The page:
Schools can and should lead, but when they confront a society that in every instance tells a story exactly opposite to the one they are supposed to be teaching, their job become impossible (Zancanella, 1994). Zancanella doesn’t offer much solution to the problem here and focusses on how medias are collaborating in the illiteracy of our youth, distancing himself from the role of the teacher as a leader. Since educational research on community is playing a leadership role in providing high-quality professional development for all teachers (Borko, 2004), we should look at what the role of the teacher may be within this community. The community's engagement with the activities that take place it in determines whether the community of practice is a rich one. Members of a community of practice value their membership and work hard to become more competent at the practice involved, and share important social relationships with other members. (Grisham & Wosley,2006). Grisham & Wosley (2006) are leading a good conversation therefore it is up to the reader to infer that the keyword community here includes the teacher it isn’t clear. Where Zancanella has a point is that the teacher is still seen as the authority figure. As a consequence, the students in the classes we observed made scarcely any decisions about their learning, even though many perceived themselves as doing so" (Goodlad, 1984). Goodlad (1984) emphasizes that teachers dominate the classroom discourse, out-talking students nearly three to one. This one-sided discourse structure silences students for most of the instructional time (Grisham & Wosley, 2006).
From Vygotsky (1934/1978) to Wertsch (1985), to more recent works on the value and essential nature of social interactions to learning, the message is that all knowledge is socially constructed (Gee, 2003). The instructional strategy is based on constructivist learning design and collaborative learning, which are considered to enhance language learning in a contextualized virtual reality. Learners are allowed to engage in personal, meaningful learning through collaboration and interaction (Shin & Yang, 2008). As Zancanella was mentioning, medias have a strong influence on our youth. Even if his article was written in 1994, Zancanella’s comment can still apply today.We could apply it to the internet, smart phones, iPads and social media as tools to communicate messages about popular cultures. Technology magnifies the power of popular culture. Students either are already competent at some forms of technology (e.g., electronic gaming) or they want to be. In either case, we wanted to harness it in service to motivation and academic engagement (Grisham & Wosley, 2006). Participants [Students] feel excited about the innovation the technology brings. However, students are still often disappointed by poor or unsuitable instructional design. To meet learners’ needs, elements such as fun, realistic situation, challenge, and a sense of community, goal-based scenarios, story-centered curriculum, and strategic interaction were applied to the instructional design. Authentic communicative situations are critical to successful language learning. The most effective way to learn a language is to participate in a community in which the target language is used to communicate in a real context (Shin & Yang, 2008). Shin & Yang aren’t clear about what a real context of learning is. They do go on to say that the virtual learning environment features are considered a support for knowledge construction, self- direction, immersion, interactivity, and education (Shin & Yang, 2008). These two quotes by Shing & Shang imply that the virtual classroom has no physical borders therefore it makes it a real context. So, is a classroom unauthentic because of its walls? In the social environment created in the electronic learning space of threaded discussion, students found a voice, developed perspectives, made meaningful predictions, connected the literature with other media, and established the motivation to read as only peers can (Grisham & Wosley, 2006). This illustrate how students may construct communities of learning that transcend the traditional teacher-driven discourse in classrooms. From the readings, the role of the students in this new learning community remain the same but the virtual communities keep the content academic yet progressive and personalized. It is surprising that in all of these articles, not a lot is said about the role of the teacher. Only Grisham & Wosley (2006), claim that the teachers act as models and that within virtual communities, they are encouraged to reply to student messages, to encourage student responses, to model good etiquette, and to instruct and to model the use of computers and softwares.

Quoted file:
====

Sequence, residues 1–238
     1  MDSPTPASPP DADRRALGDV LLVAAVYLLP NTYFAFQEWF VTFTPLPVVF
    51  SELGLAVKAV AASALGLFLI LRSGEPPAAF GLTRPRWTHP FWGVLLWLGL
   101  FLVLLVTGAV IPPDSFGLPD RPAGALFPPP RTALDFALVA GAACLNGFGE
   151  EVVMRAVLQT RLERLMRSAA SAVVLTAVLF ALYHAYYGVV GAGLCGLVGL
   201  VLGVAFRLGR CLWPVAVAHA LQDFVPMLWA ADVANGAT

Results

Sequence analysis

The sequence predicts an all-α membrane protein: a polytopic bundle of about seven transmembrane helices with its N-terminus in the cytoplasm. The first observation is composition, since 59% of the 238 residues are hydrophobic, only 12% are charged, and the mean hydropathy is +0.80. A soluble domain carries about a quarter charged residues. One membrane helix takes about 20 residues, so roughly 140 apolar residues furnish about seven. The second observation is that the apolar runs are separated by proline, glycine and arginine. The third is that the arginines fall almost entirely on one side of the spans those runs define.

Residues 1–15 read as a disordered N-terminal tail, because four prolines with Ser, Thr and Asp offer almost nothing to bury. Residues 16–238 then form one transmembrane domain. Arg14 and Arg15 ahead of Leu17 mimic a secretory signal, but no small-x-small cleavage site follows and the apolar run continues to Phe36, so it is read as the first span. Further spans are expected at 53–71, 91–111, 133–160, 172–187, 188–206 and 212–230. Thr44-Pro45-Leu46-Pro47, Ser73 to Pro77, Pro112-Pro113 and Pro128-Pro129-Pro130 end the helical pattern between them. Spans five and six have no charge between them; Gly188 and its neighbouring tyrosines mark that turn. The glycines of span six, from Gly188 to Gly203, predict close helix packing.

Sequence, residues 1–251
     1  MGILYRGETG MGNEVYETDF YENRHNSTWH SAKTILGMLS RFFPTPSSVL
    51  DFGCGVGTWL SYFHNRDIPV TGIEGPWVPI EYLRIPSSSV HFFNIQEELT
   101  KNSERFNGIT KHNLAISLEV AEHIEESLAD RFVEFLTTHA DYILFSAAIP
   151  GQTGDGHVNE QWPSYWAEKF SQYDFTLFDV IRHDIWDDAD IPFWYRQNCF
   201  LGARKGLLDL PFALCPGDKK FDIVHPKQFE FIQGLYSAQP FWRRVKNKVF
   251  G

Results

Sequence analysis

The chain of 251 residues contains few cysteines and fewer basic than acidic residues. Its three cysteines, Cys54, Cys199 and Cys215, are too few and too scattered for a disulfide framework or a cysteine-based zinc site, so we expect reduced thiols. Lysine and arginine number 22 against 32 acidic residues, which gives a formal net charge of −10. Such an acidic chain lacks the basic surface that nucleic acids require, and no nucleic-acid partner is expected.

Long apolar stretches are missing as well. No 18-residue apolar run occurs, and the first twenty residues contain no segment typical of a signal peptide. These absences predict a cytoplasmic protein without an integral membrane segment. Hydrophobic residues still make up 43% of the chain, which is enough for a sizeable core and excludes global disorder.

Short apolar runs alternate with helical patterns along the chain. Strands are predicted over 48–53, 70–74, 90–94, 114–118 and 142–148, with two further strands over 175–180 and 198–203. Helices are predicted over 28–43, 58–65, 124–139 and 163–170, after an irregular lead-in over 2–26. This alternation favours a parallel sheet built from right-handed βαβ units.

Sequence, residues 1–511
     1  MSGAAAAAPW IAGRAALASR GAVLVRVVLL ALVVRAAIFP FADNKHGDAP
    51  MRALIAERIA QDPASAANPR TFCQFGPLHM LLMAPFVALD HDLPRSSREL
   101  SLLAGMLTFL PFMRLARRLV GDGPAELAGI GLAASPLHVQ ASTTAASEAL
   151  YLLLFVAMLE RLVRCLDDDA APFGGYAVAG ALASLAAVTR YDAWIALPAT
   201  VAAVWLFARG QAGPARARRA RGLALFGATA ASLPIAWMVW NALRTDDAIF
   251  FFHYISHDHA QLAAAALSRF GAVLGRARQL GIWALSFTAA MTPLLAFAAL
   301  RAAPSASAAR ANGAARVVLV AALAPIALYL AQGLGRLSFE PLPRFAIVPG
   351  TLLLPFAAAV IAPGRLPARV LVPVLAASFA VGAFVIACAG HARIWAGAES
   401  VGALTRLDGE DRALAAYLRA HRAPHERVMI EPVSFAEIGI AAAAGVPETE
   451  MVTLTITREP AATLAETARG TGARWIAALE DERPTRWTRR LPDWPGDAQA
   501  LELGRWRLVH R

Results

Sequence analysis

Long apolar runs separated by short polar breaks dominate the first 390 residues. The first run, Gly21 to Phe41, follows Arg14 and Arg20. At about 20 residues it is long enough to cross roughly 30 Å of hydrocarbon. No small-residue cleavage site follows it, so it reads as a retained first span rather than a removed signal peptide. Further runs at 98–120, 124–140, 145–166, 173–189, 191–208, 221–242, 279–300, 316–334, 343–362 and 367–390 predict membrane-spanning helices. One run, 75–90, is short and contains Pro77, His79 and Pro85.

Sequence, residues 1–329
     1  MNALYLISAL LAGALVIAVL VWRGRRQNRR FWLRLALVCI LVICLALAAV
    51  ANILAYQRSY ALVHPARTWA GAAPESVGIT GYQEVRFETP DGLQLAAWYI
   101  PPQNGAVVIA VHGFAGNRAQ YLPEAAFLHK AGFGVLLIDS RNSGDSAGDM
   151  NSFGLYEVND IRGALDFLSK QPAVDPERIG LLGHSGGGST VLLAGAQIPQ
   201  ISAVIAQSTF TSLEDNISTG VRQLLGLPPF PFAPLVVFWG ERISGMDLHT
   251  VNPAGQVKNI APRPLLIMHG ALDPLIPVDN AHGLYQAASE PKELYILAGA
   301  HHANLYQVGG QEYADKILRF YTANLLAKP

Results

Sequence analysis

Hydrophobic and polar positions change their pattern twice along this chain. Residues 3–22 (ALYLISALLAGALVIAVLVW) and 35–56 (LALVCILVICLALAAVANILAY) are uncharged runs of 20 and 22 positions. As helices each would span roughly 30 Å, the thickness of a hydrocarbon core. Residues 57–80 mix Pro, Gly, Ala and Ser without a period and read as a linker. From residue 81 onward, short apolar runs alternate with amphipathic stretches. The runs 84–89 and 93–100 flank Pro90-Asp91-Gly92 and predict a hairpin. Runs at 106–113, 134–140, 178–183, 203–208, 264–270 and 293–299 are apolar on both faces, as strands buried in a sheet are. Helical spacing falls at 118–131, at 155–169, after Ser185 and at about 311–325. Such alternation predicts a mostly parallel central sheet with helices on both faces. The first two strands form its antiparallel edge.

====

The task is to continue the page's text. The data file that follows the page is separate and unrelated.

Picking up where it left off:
Education is going through a transformation. Its values and foundations are being shook. Lines are blurred. Rules are broken. Traditional practices are being questioned. What isn't being questioned is our connection to a community. Connecting classroom learning with community activities instills a sense of social awareness in students of any level, planting the seed for their active involvement within their own communities in the future (Chung & Ortiz, 2011).